Alaska legislators’ education bills include one to give state funds to some students in homeschool and private school


Rep. Kenai Gilham at Soldotna City Hall last April. (Sabina Pu / KDLL)

Last week, state lawmakers released a number of bills aimed at public education curricula, including several from Republican Soldier Representative Ron Gilham.

Gilham said the focus of his legislative session is he makes education.

“When I went down [to Juneau] last year, a lot of attention was focused on dividends, the budget and a number of other things, ”he said. “During the winter, I researched our education system a lot. And we needed to change something. “

Gilham said that in general parents should be more involved in the education of their children.

The so-called Parental Rights Movement became popular in education during the pandemic, as parents demand a greater contribution to what their students learn in schools and how measures are taken to mitigate the effects of COVID-19.

One of Gilham’s bills requires schools to publish lists of textbooks and course plans on their websites. It’s not like the bills being proposed in Ohio and Michigan.

Some teachers in those areas said they were worried it would lead to censorship. Gilham said he sees the bill as a way to ensure transparency.

“And when they try to stop you from seeing what it is, it tells me you’re trying to hide something,” he said. “Maybe they weren’t, but that’s in my head.”

The Kenai Peninsula School District is already publishing some of its study materials online.

Another bill provides for government funding for students studying at home or in private schools. Students, among other criteria, will be eligible for a scholarship of $ 5,930 per year if they have a disability, study at a “low-performing school” or a military parent.

Gilham said the idea for the bill he picked up at a summit he attended last November in Florida, hosted by ExcelInEd, an organization set up by former Florida Gov. Jeb Bush.

Gilham said he also attended last year’s state Conservative lawmakers ’summit in Texas, sponsored by an organization called WallBuilders. The WallBuilders website says the group is committed to “preserving the moral, religious and constitutional foundation on which America was built – a foundation that has been severely attacked and undermined in recent years.”

Another Gilham bill prohibits teachers from making students feel guilty or inherently “racist, sexist, or oppressive” based on their own identity. It’s similar to a bill proposed in Florida.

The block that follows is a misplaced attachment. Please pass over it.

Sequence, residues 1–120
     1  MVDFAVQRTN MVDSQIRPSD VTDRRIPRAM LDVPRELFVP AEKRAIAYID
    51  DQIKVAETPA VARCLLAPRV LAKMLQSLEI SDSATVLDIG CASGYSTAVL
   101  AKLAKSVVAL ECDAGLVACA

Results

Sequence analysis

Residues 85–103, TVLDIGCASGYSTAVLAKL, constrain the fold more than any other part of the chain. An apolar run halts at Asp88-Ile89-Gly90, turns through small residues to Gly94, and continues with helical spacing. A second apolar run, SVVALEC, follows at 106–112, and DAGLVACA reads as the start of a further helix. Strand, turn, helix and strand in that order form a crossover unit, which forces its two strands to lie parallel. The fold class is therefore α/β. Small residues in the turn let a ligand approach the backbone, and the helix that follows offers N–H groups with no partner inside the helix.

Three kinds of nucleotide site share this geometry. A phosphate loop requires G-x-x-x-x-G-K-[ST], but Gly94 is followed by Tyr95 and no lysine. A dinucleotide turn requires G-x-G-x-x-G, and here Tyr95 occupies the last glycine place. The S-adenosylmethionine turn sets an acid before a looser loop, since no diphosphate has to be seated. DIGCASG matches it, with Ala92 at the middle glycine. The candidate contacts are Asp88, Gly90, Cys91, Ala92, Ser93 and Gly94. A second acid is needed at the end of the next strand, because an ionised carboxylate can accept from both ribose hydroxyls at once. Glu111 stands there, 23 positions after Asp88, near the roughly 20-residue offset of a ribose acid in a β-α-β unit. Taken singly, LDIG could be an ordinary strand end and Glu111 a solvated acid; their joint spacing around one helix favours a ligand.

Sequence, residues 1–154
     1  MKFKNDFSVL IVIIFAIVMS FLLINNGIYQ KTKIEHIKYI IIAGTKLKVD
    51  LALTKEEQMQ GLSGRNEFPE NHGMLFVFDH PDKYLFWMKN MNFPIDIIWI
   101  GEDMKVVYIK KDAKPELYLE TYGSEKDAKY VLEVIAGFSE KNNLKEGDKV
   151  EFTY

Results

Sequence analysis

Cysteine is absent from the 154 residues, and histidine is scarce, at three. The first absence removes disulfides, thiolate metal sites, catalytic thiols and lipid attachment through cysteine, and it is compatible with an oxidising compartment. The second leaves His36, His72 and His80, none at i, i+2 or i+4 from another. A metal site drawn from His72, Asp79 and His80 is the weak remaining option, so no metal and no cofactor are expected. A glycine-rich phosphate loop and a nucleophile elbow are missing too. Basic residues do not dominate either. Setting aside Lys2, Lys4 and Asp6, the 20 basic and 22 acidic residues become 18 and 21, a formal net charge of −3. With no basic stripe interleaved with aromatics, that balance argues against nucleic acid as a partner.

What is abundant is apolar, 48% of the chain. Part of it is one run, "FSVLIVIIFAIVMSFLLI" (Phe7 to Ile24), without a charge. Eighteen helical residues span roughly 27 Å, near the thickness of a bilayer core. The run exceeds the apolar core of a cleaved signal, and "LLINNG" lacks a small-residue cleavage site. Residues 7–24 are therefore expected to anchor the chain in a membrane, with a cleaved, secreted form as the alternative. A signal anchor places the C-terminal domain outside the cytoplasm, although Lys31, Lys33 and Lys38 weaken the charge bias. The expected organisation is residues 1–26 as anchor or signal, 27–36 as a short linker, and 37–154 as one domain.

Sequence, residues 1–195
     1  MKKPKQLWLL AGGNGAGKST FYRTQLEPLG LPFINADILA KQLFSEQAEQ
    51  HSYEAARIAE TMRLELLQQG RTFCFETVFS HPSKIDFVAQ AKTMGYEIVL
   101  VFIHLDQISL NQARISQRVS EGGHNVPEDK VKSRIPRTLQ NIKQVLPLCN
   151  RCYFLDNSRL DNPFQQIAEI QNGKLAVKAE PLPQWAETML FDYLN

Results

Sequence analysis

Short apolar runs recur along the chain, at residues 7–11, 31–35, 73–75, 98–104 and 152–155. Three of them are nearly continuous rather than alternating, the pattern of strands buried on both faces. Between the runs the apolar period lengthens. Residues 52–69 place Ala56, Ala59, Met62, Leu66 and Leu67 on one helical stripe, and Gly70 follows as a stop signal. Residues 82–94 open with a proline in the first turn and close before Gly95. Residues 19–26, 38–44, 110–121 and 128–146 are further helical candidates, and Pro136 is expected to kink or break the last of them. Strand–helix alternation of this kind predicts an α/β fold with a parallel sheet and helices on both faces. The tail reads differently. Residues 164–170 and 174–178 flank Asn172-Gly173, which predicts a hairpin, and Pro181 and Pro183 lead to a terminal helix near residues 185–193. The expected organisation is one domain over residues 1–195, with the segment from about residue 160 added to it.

Gilham said he was also thinking about critical racial theory, or CRT, an academic foundation that has become a cry in conservative circles to combat supposedly progressive ideology in schools.

Kenai County and many others have stated that they do not teach critical race theory in their classes.

County spokeswoman Pegge Erkenef said counties are considering new education bills when they are submitted to see if they meet the district’s legislative priorities. She said that in the coming days the district will consider the proposed bills.

Tom Klaimayer heads the branch of the National Association of Education in Alaska. He said in an email that he did not consider Gilham’s accounts productive.

“The education reform package proposed by the Gilham representative will not meet the pressing needs I hear from Alaska teachers or the students they serve,” he said. “NEA-Alaska is committed to working with all parties to improve educational achievement and student learning. Unfortunately, this package of bills does not look like a productive, practical or strategic investment in our public education system. “

Gilham said he would also submit a bill to introduce a “character development program” that would emphasize values ​​such as patriotism, responsibility, and racial and religious tolerance. He said the program would teach high school students employment and civic skills, among other things.

Gilham is not the only Alaskan lawmaker to have passed bills on public education this week.

David Eastman, a Republican from Basil, wants the state education department to create a social research program on “victims of communism,” including training former communist leaders such as Joseph Stalin and Fidel Castro.

Both the House of Representatives and the Senate are considering bills that, among other things, provide for the creation of a Read by 9 program for students. Another piece of legislation would increase the amount of money schools receive for each student, and that figure has not changed over the past few years.

[Sign up for Alaska Public Media’s daily newsletter to get our top stories delivered to your inbox.]

Leave a Comment